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Web Log Analysis Tool Using ASP.Net and C#

, 27 Jan 2002 110.1K 2.3K 63
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An article on generating web logs and analysing them using C#
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Sample Image - aspnetweblog.jpg

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Introduction

This article is aimed towards demonstrating various features of the .NET framework to build a very simple tool to analyze various activities on a web site. This tool will ultimately provide complete web log analysis. But for starters we have focused mainly on reporting the various kinds of browsers that are being used by clients to visit a web site.

This tool demonstrates the use of following namespaces and classes.

  • System.Diagnostics
  • System.Web
  • System.Xml
  • System.Data
  • System.Data.SqlClient
  • System.Drawing.Imaging
  • System.IO

There are some other namespaces used to accomplish the goal, but those are the ones that are pretty much used commonly in all the .NET application, like System and System.Diagnostics.

Browser Information

When a client makes an HHTP request to a web server, the browser information is sent in the header of the request. The Page class exposes this information through the Request property. This property returns a HttpRequest object. This class exposes the browser capabilities through a number of properties like UserHostAddress, Browser, etc. For more information check the documentation for the HttpRequest class.

When a client connects to the web site, we pass on the HttpRequest object to the WebLogManager class. This class extracts the browser information and packages it in a XML document. This document is sent to the data access layer. The WebLogDBManager class implements the data access to SQL Server. The AddInfoToDatabase method of this class accepts the XML document containing the browser information and puts a the record into SQL Server table. We could have directly passed the HttpRequest object to the data access layer but that would defeat the purpose of making the data access layer independent of source of information.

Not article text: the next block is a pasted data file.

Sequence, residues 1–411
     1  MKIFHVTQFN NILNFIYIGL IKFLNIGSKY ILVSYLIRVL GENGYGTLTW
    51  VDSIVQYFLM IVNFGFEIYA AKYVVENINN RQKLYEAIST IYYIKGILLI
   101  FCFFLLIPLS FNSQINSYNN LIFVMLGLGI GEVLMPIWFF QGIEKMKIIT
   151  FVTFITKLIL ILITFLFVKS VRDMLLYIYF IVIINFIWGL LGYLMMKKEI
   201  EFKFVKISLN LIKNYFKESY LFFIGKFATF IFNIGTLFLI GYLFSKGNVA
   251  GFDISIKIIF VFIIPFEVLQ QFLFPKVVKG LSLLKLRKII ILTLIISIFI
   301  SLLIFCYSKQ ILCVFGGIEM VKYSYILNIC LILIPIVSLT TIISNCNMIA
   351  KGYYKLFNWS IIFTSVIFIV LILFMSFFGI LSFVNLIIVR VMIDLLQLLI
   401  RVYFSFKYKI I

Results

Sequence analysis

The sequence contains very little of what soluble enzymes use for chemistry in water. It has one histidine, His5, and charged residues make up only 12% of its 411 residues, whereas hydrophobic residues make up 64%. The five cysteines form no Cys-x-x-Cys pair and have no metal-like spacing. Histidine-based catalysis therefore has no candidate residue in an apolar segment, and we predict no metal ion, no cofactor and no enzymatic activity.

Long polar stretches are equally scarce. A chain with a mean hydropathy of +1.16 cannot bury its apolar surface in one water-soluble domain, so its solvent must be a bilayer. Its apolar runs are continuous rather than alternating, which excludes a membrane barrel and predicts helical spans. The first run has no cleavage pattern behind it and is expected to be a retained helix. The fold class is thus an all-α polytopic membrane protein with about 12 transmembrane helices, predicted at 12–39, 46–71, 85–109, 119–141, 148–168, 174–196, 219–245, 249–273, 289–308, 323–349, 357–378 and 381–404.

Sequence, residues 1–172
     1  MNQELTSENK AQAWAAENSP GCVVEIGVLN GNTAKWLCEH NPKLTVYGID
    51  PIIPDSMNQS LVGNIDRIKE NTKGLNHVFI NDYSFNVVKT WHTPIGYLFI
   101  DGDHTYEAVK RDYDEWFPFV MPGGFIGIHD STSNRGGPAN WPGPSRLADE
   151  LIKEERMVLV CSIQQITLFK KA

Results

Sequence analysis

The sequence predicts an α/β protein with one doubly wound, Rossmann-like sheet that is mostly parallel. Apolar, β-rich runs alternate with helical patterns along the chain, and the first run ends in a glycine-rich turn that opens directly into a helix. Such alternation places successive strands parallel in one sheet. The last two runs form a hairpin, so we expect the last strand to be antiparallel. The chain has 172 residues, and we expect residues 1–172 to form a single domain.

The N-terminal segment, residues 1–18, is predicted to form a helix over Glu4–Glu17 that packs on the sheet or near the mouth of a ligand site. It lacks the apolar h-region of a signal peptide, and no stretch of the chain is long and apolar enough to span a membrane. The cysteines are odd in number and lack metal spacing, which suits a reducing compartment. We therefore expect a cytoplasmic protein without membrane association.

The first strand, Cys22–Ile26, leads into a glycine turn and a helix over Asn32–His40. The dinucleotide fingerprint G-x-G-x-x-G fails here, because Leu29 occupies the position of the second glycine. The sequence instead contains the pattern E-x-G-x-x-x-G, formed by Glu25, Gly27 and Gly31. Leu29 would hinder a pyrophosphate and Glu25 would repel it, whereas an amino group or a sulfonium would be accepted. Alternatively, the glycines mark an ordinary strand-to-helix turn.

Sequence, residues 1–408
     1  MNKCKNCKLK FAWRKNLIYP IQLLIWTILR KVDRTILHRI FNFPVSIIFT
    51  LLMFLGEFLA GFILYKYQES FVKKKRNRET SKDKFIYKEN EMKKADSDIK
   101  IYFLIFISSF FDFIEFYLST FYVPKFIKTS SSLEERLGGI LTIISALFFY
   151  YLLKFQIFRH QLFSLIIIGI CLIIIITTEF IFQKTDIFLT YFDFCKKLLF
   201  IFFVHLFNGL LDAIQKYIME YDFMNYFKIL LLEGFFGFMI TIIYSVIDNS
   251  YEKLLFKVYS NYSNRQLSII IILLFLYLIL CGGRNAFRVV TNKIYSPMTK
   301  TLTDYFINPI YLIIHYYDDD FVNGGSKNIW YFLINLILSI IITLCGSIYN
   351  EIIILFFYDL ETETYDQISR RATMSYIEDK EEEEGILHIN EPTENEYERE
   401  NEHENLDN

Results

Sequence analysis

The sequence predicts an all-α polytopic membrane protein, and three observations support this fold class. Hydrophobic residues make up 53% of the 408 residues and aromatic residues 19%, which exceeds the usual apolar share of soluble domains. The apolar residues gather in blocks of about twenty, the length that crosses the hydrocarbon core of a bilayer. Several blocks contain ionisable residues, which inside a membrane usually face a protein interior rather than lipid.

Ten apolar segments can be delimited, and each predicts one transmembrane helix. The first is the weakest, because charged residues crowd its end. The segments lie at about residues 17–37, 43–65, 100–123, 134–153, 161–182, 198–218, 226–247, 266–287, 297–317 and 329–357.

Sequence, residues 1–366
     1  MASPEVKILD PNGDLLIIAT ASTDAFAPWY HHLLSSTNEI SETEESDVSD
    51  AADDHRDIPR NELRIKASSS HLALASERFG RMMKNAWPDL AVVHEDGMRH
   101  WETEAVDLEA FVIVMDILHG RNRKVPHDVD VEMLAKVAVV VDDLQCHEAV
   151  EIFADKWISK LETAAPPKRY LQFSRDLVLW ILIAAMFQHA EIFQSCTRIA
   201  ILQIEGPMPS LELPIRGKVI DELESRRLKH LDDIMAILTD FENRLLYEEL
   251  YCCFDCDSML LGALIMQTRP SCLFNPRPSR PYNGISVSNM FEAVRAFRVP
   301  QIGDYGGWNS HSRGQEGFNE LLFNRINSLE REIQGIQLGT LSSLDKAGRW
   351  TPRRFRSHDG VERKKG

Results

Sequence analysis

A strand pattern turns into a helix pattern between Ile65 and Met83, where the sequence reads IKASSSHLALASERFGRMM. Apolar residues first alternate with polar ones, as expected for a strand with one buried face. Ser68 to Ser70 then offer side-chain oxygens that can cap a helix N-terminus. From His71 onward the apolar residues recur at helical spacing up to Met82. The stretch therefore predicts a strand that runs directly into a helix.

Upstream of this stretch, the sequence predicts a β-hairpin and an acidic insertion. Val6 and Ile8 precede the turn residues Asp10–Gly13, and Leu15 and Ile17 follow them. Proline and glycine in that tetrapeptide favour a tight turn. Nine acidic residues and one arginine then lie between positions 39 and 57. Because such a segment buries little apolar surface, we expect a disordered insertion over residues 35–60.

Although HttpRequest provides most of the information about the browser's capabilities, there still is some information that has to be generated based on some preliminary information. For example, HttpRequest does not tell anything about client side capabilities e.g. if the browser supports getElementById or the all property. This information has to be found based on the browser name and version. By defining a schema for the XML document we can pass all kinds of information to the data layer to save in the database. And the most important point is that the HttpRequest object cannot be remoted. If the data access layer is running on a remote machine then HttpRequest can't be marshaled across boundaries.

A lot of this information is already available in the web log of IIS. However, saving the information into SQL Server sets you free from any changes in the web log file formats and the tools used to analyze them.

Graphical Chart Display

.NET/GDI+ has provides some very powerful APIs that have made displaying the statistical information in graphics forms like bar graphs, graphs, pie-charts, etc. very easy. This makes use of the classes defined in System.Drawing namespace to convert the data stored in SQL Server into nice looking Pie Chart.

Graphics class exposes a lot of methods to draw various graphics objects like rectangles, curves, lines, pie charts etc. We have made extensive use of these methods to draw the pie charts and render on the client's browser.